As esports begins to take over the scene, more and more young gamers consider this career as an option. However, from some parents POV it's just kids addicted to playing video games. But what exactly is esports and how is it becoming a part of our education system?
What are esports?
Esports are the competitive side of multiplayer gaming. However, there are numerous ways, venues, and games to participate in.
On the Internet, large-scale esports competitions are held all the time, with players participating from their homes. Users can join matchups as individuals or as teams on platforms like Faceit, Battlefy, and World Gaming Network. Although many players participate in online tournaments only for the thrill, financial prizes are frequently awarded.
If a teen joins an esports team at school, the games are played over the school's Internet connection, and there is no traveling involved — with the exception of postseason games and state championships, of course. Esports are becoming increasingly popular as varsity sports in colleges. Then there's the live, professional circuit, where players compete against each other.
Are esports a risk for kids?
Putting in the hours required to get good at anything takes a toll. Esports carry risks for the body — and, possibly, the developing brain. The eight to 12 hours that many top esports players say they train per day has led to an increase in computer-related injuries, including carpal tunnel syndrome, repetitive strain injury and back pain. And after several competitors suffered collapsed lungs, players are being warned not to hold their breath during intense moments. Though esports don’t have the same physical risks as contact sports such as football, pro players and ex-pros complain of burnout.
How a high volume of video-game playing affects the human brain is the subject of ongoing research. Some studies indicate playing video games could be beneficial. But it could have negative effects on a person’s thinking, understanding of the world and other brain processes, including creating addiction. Also potentially problematic are the games themselves, which can be violent; research shows that overexposure to such violent media can lead to aggressive thoughts and behavior.
What's the training like?
High school esports, like other sports such as baseball, swimming, and field hockey, begin with tryouts and the selection of team leaders. The season then progressed with daily team workouts and regular regional matches, culminating in large state-sanctioned championships.
Coaches look for team players that can lead and encourage their colleagues, as well as think quickly and strategically. (They must also maintain a minimal GPA and attend school regularly, according to Gretna High School esports coach Ingraham-Beck.) "It's necessary to understand how the game works, its functioning," says Nabasny, a Chicago high school esports coach, "but it's also important to be able to collaborate with people and create a dynamic that is fluid and changing continually."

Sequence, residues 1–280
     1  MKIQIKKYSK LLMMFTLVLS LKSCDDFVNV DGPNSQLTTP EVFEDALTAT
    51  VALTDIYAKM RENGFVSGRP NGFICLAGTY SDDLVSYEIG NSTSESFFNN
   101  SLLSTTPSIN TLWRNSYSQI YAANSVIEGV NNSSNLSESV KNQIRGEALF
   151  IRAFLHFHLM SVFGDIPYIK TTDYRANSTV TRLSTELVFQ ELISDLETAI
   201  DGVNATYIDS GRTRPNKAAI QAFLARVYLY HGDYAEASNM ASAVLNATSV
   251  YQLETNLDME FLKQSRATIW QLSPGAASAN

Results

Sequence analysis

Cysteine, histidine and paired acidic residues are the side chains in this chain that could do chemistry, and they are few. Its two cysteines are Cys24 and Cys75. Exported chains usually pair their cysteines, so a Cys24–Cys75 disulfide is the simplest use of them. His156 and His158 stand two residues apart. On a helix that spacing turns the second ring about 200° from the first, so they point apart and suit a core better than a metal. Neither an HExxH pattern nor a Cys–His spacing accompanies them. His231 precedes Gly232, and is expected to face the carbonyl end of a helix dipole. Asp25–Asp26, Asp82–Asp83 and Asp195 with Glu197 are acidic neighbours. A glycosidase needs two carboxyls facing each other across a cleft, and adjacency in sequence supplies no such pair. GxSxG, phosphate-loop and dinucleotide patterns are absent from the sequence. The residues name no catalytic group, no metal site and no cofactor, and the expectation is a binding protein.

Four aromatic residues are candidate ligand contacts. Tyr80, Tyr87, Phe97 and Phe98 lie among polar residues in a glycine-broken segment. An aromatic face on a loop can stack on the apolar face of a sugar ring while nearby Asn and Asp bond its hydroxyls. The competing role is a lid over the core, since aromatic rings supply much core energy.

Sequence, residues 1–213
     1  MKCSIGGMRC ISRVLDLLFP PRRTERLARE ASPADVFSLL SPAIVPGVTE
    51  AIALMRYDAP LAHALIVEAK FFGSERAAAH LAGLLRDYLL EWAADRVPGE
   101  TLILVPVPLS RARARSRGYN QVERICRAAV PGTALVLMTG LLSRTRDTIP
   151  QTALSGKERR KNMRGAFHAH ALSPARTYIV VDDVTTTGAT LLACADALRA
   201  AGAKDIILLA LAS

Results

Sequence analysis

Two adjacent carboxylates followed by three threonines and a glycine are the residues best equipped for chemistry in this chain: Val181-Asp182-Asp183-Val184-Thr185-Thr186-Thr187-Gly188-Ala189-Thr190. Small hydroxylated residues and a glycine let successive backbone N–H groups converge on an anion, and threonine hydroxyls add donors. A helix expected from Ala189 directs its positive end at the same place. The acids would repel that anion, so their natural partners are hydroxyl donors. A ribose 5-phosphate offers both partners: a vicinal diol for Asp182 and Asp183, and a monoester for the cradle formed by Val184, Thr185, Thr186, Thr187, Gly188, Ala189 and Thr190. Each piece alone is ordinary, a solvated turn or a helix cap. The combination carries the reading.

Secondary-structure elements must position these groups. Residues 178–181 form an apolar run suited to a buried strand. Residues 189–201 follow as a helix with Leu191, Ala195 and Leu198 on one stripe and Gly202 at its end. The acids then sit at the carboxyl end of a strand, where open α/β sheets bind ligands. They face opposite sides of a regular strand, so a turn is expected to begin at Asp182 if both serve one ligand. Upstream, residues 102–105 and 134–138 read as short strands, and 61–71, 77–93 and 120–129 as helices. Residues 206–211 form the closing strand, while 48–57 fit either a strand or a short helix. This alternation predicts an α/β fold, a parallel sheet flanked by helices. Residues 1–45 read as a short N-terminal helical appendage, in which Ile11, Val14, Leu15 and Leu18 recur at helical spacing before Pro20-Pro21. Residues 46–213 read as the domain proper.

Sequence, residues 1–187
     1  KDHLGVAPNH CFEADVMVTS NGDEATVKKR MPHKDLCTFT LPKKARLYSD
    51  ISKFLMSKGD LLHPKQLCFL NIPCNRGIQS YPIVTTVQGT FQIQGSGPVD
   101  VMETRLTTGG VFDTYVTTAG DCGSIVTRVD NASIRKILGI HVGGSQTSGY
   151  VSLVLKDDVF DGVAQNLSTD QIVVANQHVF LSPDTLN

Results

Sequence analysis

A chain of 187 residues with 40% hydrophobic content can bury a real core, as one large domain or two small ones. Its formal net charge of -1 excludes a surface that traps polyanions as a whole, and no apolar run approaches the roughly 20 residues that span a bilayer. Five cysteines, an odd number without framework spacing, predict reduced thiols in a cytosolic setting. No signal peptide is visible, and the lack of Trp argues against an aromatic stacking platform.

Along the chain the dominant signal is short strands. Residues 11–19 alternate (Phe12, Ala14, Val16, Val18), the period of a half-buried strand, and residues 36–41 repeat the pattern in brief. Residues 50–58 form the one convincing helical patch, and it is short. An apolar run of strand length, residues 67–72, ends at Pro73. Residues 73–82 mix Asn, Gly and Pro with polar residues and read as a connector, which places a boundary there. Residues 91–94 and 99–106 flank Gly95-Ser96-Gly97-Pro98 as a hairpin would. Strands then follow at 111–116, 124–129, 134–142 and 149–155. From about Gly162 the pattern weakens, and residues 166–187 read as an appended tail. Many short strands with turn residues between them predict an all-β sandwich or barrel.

The most important factor is teamwork. Many games are played with six players at a time, and participants must plan a team-based strategy that efficiently responds to their opponents' diverse offensive and defensive patterns. According to Ingraham-Beck, they examine maps, go over choke areas, and look for strategic benefits.
'Game footage' is frequently reviewed with student captains and coaches during sessions to learn from prior wins and defeats.
Even if planned methods must be abandoned during games, the teams' preparation pays off. "You can speculate about where the other team will come from, but if they don't, your strategy is abandoned and you'll have to come up with something else," Ingraham-Beck adds. Critical-thinking abilities shine in the midst of battle: "You have to decide whether you want to use that power right now or wait for a better chance.
The games that are sanctioned for esports vary per state, although popular titles like League of Legends, Overwatch, Super Smash Brothers, and Fortnite are common.
Remember Fortnite, the addictive game that once wreaked havoc on classrooms and family dinners? It hasn't gone away, which might be a good thing. It may help pupils exercise teamwork and collaboration, as well as strategic thinking, spatial comprehension, and imagination, according to Stanford experts.
Is there a career in esports?
Yes, and it's not limited to just becoming a professional gamer. As the industry continues to grow around the world, more jobs and career pathways are being created in esports, creating a demand for people with specific skills. Esports is a diverse industry with plenty of opportunities for professional gamers as well as casters, commentators, and other support staff members hired by esports tournaments such as producers, editors, analysts, product managers, game testers, referees, production crew members, event managers, social media managers, and so on. Learn more about esports research - https://www.varsityesportsfoundation.org/research
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